Despite evidence that suggests the president’s involvement in the scandal, it is unclear whether the prosecutors intend to include Park Geun-hye in their investigation. According to South Korean law, the president cannot be prosecuted while in office.
100,000 Expected to Mobilize to Demand Park Geun-hye’s Resignation
Over 1,000 civil society groups came together for an emergency assembly to discuss and announce plans for a people’s campaign to oust Park Geun-hye from the presidential office. The groups called for 100,000 people to gather on November 5 in Seoul’s Gwanghwamun Plaza for a mass demonstration to demand the resignation of President Park.
The emergency assembly yielded the following consensus – “There is no solution other than the ouster of the Park Geun-hye administration.” In addition, the civil society groups agreed that all those responsible in any way for the corruption in the Blue House should step down and be investigated and held legally accountable.
Among the groups in the emergency assembly was the coordinating committee of the People Power Mobilization coalition, a broad united front led by workers and farmers. The lead coordinators of the People Power Mobilization hope to carry the momentum of the spontaneous demonstrations this week and next week into the mass People Power demonstration planned for November 12.
The Korean Federation of Trade Unions (KCTU) announced that its members will strike if Park Geun-hye is not vacated from the presidential office. This is significant as political strikes are illegal in South Korea. Despite the risk, the KCTU says it is resolved to force the president to step down. Union leaders plan to focus on informing and educating members and the general public about the current crisis and its roots.
In addition to Park Geun-hye’s resignation, some demand the entire ruling party be held accountable for being an accomplice to the president and other Blue House officials in their corrupt activities. On November 3, representatives of “Dream of the People,” a newly formed political organization, held a press conference and demonstration demanding the whole Saenuri Party be held accountable for the corruption that unfolded in the Blue House during Park Geun-hye’s rule.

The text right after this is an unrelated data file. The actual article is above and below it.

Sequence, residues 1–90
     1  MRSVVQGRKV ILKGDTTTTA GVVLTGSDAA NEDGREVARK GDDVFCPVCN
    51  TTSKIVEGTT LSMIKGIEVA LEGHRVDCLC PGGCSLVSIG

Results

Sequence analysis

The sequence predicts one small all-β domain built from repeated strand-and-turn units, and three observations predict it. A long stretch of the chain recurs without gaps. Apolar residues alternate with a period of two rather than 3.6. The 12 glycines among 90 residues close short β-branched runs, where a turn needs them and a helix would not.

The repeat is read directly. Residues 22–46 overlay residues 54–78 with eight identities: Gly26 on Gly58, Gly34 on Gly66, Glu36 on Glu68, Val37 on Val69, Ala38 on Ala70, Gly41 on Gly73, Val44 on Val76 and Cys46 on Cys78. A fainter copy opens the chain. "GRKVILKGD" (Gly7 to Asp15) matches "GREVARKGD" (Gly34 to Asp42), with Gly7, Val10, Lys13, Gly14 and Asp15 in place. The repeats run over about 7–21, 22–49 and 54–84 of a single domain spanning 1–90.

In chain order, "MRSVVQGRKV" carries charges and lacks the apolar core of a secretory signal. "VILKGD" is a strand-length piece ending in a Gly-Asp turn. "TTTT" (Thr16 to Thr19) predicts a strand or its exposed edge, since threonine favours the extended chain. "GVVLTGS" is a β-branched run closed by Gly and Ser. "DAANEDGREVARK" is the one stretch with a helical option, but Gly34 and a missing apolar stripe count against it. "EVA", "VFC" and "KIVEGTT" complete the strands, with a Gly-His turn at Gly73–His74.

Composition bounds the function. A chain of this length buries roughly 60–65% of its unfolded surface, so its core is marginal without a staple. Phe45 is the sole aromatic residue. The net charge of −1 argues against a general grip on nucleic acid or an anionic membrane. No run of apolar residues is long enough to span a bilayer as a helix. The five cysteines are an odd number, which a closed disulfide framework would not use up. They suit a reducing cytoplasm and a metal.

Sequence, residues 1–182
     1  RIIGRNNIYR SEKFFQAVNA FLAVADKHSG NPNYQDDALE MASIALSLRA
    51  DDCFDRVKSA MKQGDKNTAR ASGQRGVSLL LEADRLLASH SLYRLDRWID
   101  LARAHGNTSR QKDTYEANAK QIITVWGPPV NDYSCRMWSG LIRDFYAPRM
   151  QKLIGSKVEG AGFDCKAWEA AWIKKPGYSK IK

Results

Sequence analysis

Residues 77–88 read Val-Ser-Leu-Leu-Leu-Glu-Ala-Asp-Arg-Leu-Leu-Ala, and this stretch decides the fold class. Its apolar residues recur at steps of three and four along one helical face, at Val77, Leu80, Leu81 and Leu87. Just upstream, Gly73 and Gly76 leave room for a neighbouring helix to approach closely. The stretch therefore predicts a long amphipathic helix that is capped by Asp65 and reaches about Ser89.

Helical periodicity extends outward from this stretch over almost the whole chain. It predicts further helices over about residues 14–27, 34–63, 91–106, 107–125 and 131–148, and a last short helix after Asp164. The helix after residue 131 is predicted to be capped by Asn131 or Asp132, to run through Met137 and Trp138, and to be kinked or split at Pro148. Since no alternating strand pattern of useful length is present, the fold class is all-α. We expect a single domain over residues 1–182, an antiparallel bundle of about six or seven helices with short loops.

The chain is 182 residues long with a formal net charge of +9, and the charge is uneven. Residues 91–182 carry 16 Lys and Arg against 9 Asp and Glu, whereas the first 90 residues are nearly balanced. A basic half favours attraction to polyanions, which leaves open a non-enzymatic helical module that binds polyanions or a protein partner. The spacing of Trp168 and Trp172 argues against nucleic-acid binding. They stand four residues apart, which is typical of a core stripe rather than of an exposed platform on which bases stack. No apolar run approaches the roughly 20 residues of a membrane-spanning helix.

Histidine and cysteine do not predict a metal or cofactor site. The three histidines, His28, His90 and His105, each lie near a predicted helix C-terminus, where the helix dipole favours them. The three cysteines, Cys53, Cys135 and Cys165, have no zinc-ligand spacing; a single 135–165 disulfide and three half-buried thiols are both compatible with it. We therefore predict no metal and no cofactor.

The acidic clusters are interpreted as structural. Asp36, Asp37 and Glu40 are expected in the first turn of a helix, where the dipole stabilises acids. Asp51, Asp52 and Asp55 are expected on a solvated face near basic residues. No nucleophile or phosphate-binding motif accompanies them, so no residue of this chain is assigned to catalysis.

A growing portion of the ruling Saenuri Party has been distancing itself from the Park administration and even calling for the president to be investigated. While some see this as an instance of the right and the left coming together to bring down corruption in the Blue House, many progressives question the intent behind conservative politicians pointing fingers at the scandal-ridden administration.
A representative of “Dream of the People,” National Assemblyperson Yoon Jong-oh, stated, “If the people (Saenuri Party assemblymen) closest to the administration did not know of the Choi Soon-sil scandal, it shows their incompetence. But if they did know, are they not accomplices?”
In regards to the apparent division within the conservative Saenuri Party, Yoon added, “By creating an internal split of ‘pro-Park vs. anti-Park’ camps and stirring up conflict to put the focus on calling for resignation [only] of the leadership, it shows that [the Saenuri Party] is aiming to avoid taking any responsibility and deceiving the citizens yet again.”
Overseas Koreans are also joining the fight to demand the resignation of Park Geun-hye. On November 4 through 6, Koreans residing in New York, New Jersey, Washington DC, Chicago, Los Angeles, and England will mobilize to demand an end to the Park Geun-hye administration and restoration of democracy in South Korea.
By ZoominKorea staff